Newsletter – February 2012
So, do you want the good news first or the bad? Ending the newsletter off with the bad news probably wouldn’t be very nice of me, so lets start with that.
In a recent report, it was found that South Africa has one of the most rapidly deteriorating environments. The fact that we have some of the best environmental legislation in the world yet still find ourselves in this situation says a lot about our government’s ability to apply them. So if they aren’t able (or willing) to do something about it, who will? The state of our environment is everyone’s responsibility and we can all do our small bit (or big if you prefer) to improve it.
For many, food is the best place to start making changes. Not only is it an area where results come quickly, and is incredibly rewarding if you’re growing your own, it can also address ecological, social and economic issues simultaneously. Below are a couple of articles with others’ perspectives on this…
Urban Farming On The Rise Nationwide (USA)
Turn Yards Into Farms (SA) http://www.timeslive.co.za/opinion/columnists/2012/01/31/turn-yards-into-farms
Gardening For Hope (SA)
What are we doing to help things along? Well, we’re planning on having a gathering later this month with participants from last year’s food gardening workshops. We feel its important to connect food gardeners in the metro. And to build on this we thought to perhaps set up a bigger monthly gathering for food gardeners to come together, network, share ideas, best practices and even surplus produce. Perhaps even do something similar to the GROFUN project in Bristol. But before going ahead with that, we need to know how many of you would be interested in this?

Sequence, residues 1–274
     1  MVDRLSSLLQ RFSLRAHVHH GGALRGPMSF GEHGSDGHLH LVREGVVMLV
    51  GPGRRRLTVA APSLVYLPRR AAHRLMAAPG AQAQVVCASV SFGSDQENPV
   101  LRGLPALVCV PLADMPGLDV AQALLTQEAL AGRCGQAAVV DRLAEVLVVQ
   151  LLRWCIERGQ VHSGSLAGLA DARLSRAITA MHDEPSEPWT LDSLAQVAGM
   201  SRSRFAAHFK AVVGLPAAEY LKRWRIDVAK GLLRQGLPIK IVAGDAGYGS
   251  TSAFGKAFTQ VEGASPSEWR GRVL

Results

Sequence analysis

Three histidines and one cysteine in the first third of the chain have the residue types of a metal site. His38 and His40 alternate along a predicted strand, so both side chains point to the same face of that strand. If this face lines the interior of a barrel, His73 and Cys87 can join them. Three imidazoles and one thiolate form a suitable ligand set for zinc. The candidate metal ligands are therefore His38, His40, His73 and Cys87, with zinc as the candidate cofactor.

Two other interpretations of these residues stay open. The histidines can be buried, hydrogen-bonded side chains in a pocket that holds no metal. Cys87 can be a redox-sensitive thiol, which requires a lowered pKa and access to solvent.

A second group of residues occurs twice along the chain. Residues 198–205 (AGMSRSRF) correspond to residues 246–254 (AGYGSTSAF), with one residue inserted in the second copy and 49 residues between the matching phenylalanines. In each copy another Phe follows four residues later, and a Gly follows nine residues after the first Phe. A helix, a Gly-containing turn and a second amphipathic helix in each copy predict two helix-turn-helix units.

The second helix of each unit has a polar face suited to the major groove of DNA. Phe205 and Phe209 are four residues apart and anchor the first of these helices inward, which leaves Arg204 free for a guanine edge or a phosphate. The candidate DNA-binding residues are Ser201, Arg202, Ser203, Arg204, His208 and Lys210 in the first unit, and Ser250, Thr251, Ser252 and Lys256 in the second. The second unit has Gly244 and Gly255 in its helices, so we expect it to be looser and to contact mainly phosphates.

What else can you do? Why not take advantage of Urban Harvest’s container garden special which ends this month. You’d be surprised as to how much you can food you can get out of a couple of containers. They are also running an Intro to food gardening workshop in March, which I highly recommend to anyone wanting to learn how to go about growing their own food, and then there’s a ferrocement water tank workshop in April at the sandbag house they have been building in Jeffreys Bay.
And if you want to shift over to buying healthier food, there’s Organic Footprints which provides a great service in PE of sourcing and delivering freshly picked local and organic produce. You can find out more and place your orders on their website: http://www.organicfootprints.co.za
And to make sure things close on positive note…thousands of groups around the world are rolling up their sleeves and doing what they can to make a difference. Check out the January round-up of whats happening out in the world of Transition to see what just some of them are doing.
21 Feb – Theescombe Residents Association AGM (this will include a presentation on wetlands)
March 15 – Green Drinks
March 24 + 25 – Urban Harvest Intro To Food Gardening Workshop
April 2 -6 – Urban Harvest Ferrocement Water Tank Workshop